Former IRGC intelligence chief Hossein Ta'eb. Undated

Former IRGC Intelligence Chief Keen To Put Rouhani On Trial

Saturday, 05/13/2023

Hossein Ta'eb, a senior adviser to the IRGC says former President "Hassan Rouhani will be tried if not today, maybe another day for his decision's during his presidency."

However, while according to Etemad Online Ta'eb insisted that Rouhani should be tried, he commented that his trial is not the establishment's immediate priority.

Several social media users commenting on the report said that Ta'eb himself should be tried for security breaches during his tenure as the head of IRGC's Intelligence Organization. He was removed from his post last year after a series of serious sabotage acts in Iran attributed to Israel and a major case of infiltration by Israel was revealed. A top security official, Alireza Akbari was subsequently hanged on charges of espionage for foreign countries.

This was not the first time Iran's hardliners call for Rouhani's trial or accuse him of pursuing accommodation with the West and for concluding a nuclear agreement in 2015.

Rouhani recently said that he would file a complaint against a hardliner member of the Supreme Council of Cultural Revolution who has accused him and his aides of espionage.

Attacks on Rouhani by hardliners escalated when he was quoted last week as having said that an agreement with the United States was at hand before he handed over the presidency to Ebrahim Raisi in 2021.

President Rouhani with his foreign minister Mohammad Javad Zarif. Undated

Rouhani who kept a low profile for 18 months after his presidency, began making public statements critical of the current economic and political situation in Iran and convening frequent meetings with his former aides. According to Entekhab website, which is close to Rouhani, on Friday, he said sarcastically that everyone expected Iran's problems to be solved now that a consolidated conservative government was in office.

Earlier attacks in April targeted Rouhani for suggesting a referendum on the country's key issues. Not only the hardliners in the government, but Supreme Leader Ali Khamenei lashed out at critics for the suggestion they said would undermine the regime's authority. Khamenei even went out of his way to say that the people are not knowledgeable enough to take part in referenda.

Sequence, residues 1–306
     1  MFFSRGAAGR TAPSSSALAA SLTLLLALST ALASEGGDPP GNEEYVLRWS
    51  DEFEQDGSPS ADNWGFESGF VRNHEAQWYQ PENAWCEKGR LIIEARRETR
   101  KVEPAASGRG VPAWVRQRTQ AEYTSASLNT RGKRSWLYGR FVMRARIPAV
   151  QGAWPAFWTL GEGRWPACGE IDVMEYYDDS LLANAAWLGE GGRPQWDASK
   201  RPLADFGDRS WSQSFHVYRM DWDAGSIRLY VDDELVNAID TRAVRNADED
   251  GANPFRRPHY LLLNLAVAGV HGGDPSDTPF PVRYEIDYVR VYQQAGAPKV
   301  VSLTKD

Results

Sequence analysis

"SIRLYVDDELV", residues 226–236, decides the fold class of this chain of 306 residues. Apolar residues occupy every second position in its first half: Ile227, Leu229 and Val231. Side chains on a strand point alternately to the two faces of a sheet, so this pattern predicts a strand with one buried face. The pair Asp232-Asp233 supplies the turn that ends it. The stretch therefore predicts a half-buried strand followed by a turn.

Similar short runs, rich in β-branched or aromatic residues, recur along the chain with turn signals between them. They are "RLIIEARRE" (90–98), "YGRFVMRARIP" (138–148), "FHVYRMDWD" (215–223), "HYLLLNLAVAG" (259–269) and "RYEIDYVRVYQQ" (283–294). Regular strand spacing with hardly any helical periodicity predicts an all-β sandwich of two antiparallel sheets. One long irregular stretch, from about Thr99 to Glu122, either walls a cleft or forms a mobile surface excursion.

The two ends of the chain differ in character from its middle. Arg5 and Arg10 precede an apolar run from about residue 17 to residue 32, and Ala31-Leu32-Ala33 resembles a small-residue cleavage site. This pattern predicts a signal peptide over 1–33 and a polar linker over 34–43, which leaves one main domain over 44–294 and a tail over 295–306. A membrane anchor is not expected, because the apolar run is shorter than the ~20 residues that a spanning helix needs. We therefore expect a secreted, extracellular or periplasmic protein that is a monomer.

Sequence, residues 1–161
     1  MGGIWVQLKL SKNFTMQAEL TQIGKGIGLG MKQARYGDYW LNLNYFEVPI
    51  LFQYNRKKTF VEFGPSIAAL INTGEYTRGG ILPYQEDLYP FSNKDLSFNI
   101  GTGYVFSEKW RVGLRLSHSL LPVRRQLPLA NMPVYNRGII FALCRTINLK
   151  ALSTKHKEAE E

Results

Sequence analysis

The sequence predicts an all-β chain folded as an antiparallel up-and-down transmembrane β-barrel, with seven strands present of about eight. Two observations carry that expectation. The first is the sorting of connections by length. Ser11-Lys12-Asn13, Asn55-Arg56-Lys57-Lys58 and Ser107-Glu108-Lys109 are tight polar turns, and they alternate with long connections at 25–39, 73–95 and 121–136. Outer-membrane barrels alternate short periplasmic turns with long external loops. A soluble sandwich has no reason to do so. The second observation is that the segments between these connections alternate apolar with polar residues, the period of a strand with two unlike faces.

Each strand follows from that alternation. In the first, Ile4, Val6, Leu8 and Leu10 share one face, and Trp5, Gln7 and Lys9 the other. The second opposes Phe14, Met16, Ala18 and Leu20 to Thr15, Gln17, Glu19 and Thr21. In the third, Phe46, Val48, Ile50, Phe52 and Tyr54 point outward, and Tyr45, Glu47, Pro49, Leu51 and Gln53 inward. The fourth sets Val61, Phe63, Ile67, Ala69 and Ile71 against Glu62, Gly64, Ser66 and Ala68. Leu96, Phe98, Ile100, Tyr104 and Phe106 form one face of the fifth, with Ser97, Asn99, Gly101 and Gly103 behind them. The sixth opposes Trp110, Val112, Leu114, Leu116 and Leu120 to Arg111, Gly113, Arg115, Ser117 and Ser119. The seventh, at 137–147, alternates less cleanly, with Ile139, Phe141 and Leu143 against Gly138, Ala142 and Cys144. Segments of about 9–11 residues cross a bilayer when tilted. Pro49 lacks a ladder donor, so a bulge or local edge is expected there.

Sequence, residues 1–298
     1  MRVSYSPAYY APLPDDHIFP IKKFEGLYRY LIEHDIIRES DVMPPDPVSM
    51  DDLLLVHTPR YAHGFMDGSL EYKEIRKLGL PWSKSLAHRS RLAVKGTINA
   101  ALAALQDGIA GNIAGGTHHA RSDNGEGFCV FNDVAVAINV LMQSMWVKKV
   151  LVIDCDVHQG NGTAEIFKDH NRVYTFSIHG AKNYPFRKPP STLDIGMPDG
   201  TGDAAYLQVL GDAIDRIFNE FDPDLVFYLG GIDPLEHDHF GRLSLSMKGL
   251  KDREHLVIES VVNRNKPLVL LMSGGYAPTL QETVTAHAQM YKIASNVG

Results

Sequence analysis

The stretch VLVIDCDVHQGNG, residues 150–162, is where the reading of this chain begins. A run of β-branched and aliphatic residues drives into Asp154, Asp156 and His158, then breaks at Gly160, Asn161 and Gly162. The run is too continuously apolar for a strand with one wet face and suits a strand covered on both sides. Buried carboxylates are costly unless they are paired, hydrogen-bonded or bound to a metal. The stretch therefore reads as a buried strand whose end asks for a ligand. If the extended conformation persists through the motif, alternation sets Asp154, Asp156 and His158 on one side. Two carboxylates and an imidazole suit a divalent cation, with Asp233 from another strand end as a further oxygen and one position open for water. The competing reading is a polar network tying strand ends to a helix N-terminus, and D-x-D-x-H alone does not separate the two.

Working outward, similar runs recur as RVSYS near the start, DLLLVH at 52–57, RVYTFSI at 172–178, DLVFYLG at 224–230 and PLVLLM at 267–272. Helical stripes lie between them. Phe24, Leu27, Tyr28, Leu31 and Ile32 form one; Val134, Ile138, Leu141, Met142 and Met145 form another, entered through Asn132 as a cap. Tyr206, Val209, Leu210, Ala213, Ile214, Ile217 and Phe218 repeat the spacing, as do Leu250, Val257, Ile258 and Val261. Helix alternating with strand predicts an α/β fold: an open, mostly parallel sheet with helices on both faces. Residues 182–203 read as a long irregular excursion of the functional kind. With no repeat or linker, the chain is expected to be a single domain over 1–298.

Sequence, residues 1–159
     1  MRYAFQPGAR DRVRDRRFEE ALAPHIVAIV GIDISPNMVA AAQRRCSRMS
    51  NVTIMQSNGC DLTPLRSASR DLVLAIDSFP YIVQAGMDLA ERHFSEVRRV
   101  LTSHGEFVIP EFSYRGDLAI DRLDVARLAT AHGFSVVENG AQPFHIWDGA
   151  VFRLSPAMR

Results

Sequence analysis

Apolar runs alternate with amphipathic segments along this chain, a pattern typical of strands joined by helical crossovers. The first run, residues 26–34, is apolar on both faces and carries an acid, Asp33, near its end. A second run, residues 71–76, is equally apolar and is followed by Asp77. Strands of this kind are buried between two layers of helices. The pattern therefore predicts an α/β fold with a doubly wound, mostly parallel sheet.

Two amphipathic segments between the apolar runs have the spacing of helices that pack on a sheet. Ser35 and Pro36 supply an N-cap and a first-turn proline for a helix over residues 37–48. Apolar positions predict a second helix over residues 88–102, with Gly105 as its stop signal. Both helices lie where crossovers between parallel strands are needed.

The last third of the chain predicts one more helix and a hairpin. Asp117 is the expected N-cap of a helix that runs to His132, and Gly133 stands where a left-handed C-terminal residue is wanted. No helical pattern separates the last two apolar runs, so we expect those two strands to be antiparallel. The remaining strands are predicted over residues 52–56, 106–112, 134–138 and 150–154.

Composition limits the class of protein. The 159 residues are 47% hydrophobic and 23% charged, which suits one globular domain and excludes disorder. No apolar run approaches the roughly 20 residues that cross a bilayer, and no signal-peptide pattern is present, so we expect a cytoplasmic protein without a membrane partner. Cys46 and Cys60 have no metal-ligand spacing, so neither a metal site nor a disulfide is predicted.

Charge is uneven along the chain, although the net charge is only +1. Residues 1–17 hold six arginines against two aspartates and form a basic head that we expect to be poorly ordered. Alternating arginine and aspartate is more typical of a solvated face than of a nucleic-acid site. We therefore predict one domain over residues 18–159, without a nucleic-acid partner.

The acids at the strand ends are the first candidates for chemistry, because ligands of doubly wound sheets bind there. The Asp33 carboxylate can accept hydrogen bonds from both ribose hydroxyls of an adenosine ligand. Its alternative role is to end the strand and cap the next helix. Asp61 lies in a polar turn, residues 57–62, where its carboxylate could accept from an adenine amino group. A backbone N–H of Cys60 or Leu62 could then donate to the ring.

Rouhani has also criticized the current government for high inflation surpassing 50 percent and increasing poverty. He also criticized the government for barring reformist and moderate candidates from running in elections.

Some of Rouhani's allies like the former chief of the parliament's Foreign Policy and National Security Committee, Heshmatollah Falahatpisheh, say that he should have fought harder to revive the 2015 nuclear deal, the JCPOA. He said this week that détente and solving the nuclear dispute were among Rouhani's promises to the nation and he should have done more to that end.

"At least Rouhani and his aides should have explained to the nation about why the negotiations with the United States and Europe were not fruitful," Falahatpisheh added.

Meanwhile, foreign policy analyst Mehdi Motaharnia said in an interview with Rouydad24 website that what is transpiring between Rouhani and the hardliners is part of a crisis of decision-making in Iran. Motaharnia further opined that consolidating political power in Iran by handing over the whole establishment to conservatives was the regime's biggest strategic mistake.

The decision to engineer the elections and allow hardliners to form an absolute majority in parliament and win the presidency in 2020-2021, could have only come from Khamenei.

He said that the new government made "revolutionary rhetoric" the driving force of its foreign policy and brought the country face to face with a serious challenge it cannot resolve.

Referring to the tensions between Iran and the international community, Motaharnia stressed that the year 2023 is the year in which the Iranian government needs to take big and hard decisions to ensure the regime's stability.

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